$1.4 Trillion EU Energy Plan Leaked

BRUSSELS — Europe's energy chief will this week reveal his blueprint for massive new gas pipelines, high-tech "electricity highways" and up to 8,000 kilometers of pipes for transporting and burying greenhouse gases, a leaked draft shows.

Energy Commissioner Guenther Oettinger last week issued a warning over gas and oil imports and unveiled a strategy for investing 1 trillion euros ($1.4 trillion) over the next decade to bolster energy security.

On Wednesday, he will add detail to that strategy by introducing a second report, titled "Energy Infrastructure Priorities for 2020 and 2030 — a Blueprint for an Integrated European Energy Network."

The shift toward lower carbon energy sources looks set to benefit gas producers such as Russia and Azerbaijan as Europe strives to limit coal consumption and hit targets for lowering carbon-dioxide emissions to one-fifth below 1990 levels over the next decade.

Dependency on gas imports will increase from about 60 percent now to reach 73 percent to 79 percent of gas consumption by 2020 and 81 percent to 89 percent by 2030, the draft says.

As Europe's top gas supplier, Russia provides about one-third of that, but efforts are underway to prevent that share from growing — mainly by developing a "southern corridor" for gas imports from the Caspian region.

"The strategic objective of the corridor is to achieve a supply route to the EU of roughly 10-20 percent of EU gas demand by 2020, equivalent roughly to 45 [billion]-90 billion cubic meters of gas per year," the draft says.

That is one of the clearest definitions yet of what the EU hopes to achieve in the Caspian region.

Oettinger has received support for plans, in a leaked draft of that blueprint, to build "electricity highways" to distribute vast amounts of electricity generated by wind farms in the North Sea and solar-power parks around the Mediterranean.

But a vision of thousands of kilometers of pipelines to transport carbon dioxide from power stations and bury it in depleted gas fields faces a mixed reception.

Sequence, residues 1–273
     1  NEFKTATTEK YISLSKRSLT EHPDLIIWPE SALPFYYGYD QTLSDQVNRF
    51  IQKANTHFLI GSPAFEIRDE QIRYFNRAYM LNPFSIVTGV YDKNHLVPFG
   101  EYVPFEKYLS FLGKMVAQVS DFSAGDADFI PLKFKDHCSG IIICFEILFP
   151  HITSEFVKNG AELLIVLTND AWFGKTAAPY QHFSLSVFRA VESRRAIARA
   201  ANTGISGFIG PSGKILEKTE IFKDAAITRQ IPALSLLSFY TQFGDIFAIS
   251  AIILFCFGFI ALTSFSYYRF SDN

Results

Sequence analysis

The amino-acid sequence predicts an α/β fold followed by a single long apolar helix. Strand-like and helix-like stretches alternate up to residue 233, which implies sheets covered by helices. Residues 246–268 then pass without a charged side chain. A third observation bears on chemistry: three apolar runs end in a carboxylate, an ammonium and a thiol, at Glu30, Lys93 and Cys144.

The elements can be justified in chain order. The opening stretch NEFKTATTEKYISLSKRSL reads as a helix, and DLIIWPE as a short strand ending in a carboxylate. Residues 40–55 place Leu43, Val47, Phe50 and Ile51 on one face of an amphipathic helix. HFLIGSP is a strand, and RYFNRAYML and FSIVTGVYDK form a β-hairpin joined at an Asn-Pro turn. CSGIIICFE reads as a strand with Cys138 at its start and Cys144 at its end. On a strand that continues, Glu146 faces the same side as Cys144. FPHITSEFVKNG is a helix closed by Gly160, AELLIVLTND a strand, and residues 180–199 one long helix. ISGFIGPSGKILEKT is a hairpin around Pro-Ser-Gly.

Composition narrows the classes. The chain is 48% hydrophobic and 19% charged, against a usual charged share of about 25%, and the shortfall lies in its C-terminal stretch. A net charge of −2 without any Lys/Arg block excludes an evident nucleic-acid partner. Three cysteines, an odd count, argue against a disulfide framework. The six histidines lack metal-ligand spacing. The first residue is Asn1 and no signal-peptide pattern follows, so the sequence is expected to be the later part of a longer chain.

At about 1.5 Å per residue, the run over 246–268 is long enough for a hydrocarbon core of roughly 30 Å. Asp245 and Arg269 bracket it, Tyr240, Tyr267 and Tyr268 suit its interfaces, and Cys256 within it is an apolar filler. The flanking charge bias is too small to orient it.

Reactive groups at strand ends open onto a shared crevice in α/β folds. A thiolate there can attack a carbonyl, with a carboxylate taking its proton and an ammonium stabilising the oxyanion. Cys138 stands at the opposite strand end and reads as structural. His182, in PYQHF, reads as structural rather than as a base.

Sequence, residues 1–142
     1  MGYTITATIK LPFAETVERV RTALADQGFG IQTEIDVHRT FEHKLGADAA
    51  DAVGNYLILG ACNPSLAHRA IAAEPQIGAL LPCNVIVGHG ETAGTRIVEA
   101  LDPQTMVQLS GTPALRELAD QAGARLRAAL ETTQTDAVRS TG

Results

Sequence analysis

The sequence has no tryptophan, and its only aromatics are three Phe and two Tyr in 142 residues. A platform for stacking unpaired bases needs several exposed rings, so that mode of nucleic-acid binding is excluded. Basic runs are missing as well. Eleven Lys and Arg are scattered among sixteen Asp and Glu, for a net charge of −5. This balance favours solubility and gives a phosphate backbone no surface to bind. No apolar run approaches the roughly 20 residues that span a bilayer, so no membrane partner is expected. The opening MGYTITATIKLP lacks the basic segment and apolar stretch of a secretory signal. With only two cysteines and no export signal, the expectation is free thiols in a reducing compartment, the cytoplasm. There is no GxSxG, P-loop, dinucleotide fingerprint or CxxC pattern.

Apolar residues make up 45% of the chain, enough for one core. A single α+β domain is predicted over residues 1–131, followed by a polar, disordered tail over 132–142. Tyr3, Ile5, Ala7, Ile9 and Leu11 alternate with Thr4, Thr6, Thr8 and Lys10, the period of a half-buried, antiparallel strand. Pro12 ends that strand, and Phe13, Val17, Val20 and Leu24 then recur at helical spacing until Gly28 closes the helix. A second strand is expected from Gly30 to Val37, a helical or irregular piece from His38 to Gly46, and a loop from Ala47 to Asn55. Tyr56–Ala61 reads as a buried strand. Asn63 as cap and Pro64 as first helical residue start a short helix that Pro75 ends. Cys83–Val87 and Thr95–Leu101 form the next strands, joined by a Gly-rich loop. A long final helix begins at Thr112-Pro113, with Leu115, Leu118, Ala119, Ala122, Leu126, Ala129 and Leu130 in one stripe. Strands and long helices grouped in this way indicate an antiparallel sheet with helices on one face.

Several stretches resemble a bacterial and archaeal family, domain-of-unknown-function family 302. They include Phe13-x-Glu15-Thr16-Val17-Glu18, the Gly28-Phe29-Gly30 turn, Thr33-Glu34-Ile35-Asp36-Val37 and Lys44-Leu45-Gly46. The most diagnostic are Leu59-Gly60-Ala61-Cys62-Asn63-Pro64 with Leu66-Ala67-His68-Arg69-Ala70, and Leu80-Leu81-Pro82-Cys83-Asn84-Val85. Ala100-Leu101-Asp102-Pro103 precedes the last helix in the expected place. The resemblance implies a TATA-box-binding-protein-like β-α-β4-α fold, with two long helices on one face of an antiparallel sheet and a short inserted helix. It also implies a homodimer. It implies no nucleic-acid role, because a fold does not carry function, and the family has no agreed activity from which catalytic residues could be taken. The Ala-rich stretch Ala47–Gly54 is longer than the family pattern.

Critics point to a recent study commissioned by Oettinger's team, which found that carbon capture and storage, or CCS, technology might barely get past the testing phase before a widespread shift to green power lowers the carbon price and destroys incentives.

Green group politician Claude Turmes said CCS would need heavy taxpayer subsidies unless the carbon price in Europe's cap and trade scheme were to reach 60 euros to 80 euros per metric ton, compared with about 15 euros today.

"It's a non-proven technology," Turmes said. "There are easier and less costly potentials in renewable energy for reducing Europe's carbon footprint and enhancing its energy security."

Others in Europe's energy debate counter that CCS is too important a technology for cutting greenhouse gas emissions to be ignored.

"CCS may account for roughly 12 percent of emission reductions by 2030 and 22 percent by 2050," said Giuseppe Lorubio of power industry body Eurelectric. "This clearly tells you how important CCS is for our sector, but for the industrial sector too."

The plan also envisions major north-south electricity cables to carry renewable energy from the North Sea and Mediterranean to Central Europe, helping dissipate spikes in production that might otherwise overload local networks.

"We really need a European market for renewable energy to help offset its intermittency, and interconnections are a primary condition for that to develop," said Eurelectric's Susanne Nies.

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